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Comcast takes on TiVo

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Comcast takes on TiVo

Old 12-04-03, 07:42 AM
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Comcast takes on TiVo

http://news.com.com/2100-1033_3-5113...l?tag=nefd_top

Comcast, the nation's largest cable company, plans to begin providing TiVo-like video recording features directly to its cable TV subscribers by year's end.


The company will offer digital video recording (DVR) services over Motorola set-top boxes and is developing its own digital video recording software with partner TV Guide, Comcast CEO Brian Roberts said Wednesday at the Western Cable Show in Anaheim, Calif.

"We are working on Motorola's platform, and we will be rolling it out this quarter," Roberts said. Comcast will launch DVR services "big time next year," he said, adding that he expects to be able to provide the service to 90 percent of the company's subscribers by the end of 2004.

Digital video recorders let people record TV programs onto a hard drive. Customers also can control live programs by rewinding or pausing their TV programs.

The move is a blow for TiVo, which pioneered DVR technology and is increasingly facing competition from set-top box makers. The company has sought refuge in partnerships and software licensing, a strategy that won't be helped by Comcast's decision to develop competing DVR software.

Other companies have decided to partner with TiVo to offer these features to customers, including satellite TV provider DirecTV and DVD makers Toshiba and Pioneer.

Analysts said Comcast's DVR moves signal a shift in industry sentiment, which has long backed video-on-demand (VOD) technology. VOD services typically store video files in central servers and stream them to the customer.

"Major cable executives are now showing unified support of (DVR) being a new revenue stream," said Richard Doherty, director at market researcher Envisioneering Group. "That's a big change from previous sentiment."

Cable companies charge people a monthly subscription fee to use DVR systems. Many Comcast set-top boxes already have hard drives built into them, but people have to upgrade to new boxes to take advantage of the feature.

Cable executives, however, are not tempering their enthusiasm for VOD. Some are taking a more cautious approach to DVR technology, viewing it more as a test bed rather than an established business.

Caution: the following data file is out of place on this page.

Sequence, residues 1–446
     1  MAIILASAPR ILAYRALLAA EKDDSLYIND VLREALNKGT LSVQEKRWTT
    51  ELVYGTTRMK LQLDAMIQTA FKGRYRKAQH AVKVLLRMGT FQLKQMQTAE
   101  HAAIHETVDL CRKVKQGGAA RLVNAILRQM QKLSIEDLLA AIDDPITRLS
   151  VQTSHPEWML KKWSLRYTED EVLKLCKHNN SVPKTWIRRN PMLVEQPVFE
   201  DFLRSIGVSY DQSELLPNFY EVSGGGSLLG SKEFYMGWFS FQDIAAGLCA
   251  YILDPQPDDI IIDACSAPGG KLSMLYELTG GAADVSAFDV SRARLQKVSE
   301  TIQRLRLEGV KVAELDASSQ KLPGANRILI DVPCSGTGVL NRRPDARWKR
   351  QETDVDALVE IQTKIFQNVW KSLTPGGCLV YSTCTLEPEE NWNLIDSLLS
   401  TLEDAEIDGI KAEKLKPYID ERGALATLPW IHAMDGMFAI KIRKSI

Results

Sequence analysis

"The video-on-demand platform is rich and potentially can do more than (DVR) boxes," said Glenn Britt, CEO of Time Warner Cable.

Different views on DSL
Executives discussed various issues that affect the industry during a roundtable at the Western Cable Show. Topics included the growth of high-definition television, wider deployment of Internet phone calling, and sports programming rights.

However, the panelists, including Roberts, Britt, Cablevision Systems CEO Tom Rutledge, Adelphia Communications CEO Bill Schleyer, and Charter Communications CEO Carl Vogel, did not address the issue of digital subscriber line (DSL) price drops. For the past year, Baby Bell phone companies, feeling the threat of cable broadband, have introduced price cuts and heavily discounted promotions in hopes of driving subscriber growth. Instead of lowering their own prices, cable companies responded by boosting their base download speeds to levels as high as 3mbps or more.

SBC Communications, for example, has lowered its price to $26.95 a month for the first year. Verizon Communications lowered its price to $34.95 after a three-month offer for $29.95. Qwest Communications is selling DSL for $29.95 a month for the first year, and then $34.99 thereafter.

In contrast, cable broadband services cost $45 to $55 a month but have greater download speeds than basic DSL service.

Cable companies remain divided about how best to approach DSL price cuts. After the panel, one executive expressed an interest in trying to beat the Bells at their own game and offer a competitively priced, albeit slower, broadband offering.

"I do believe we need to develop share in the $25 to $40 market," Adelphia's Schleyer said in an interview after the panel. "It's a market segment we as an industry need to go after. We cannot cede anything to the competition."

Comcast, on the other hand, is considering the opposite, offering an even faster service at a higher price instead of a slower, cheaper product. Comcast's Roberts said during the panel that higher bandwidth will become available as long as there are applications to drive demand.

After the panel, Roberts said Comcast is "very comfortable with prices right now" and that it's not planning to offer any lower-tier services.

"We are not planning for any price response," Roberts said.
Do you think this will hurt TiVo at all?
Old 12-04-03, 07:50 AM
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Just because they call it a DVR doesn't make it a TiVo.
Old 12-04-03, 08:05 AM
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How old is this news story? Comcast started offering this early in 2003 in my market. I already have 2 Replays so no need for one.

I think they may have a marginal effect on the PVR market, but these boxes do far less than what Replays and TIVOs can do.

If they develop boxes that have the same space and capabilities then I think they could really hurt Replay and TIVO simply because you don't have to pay the up-front cost for the box.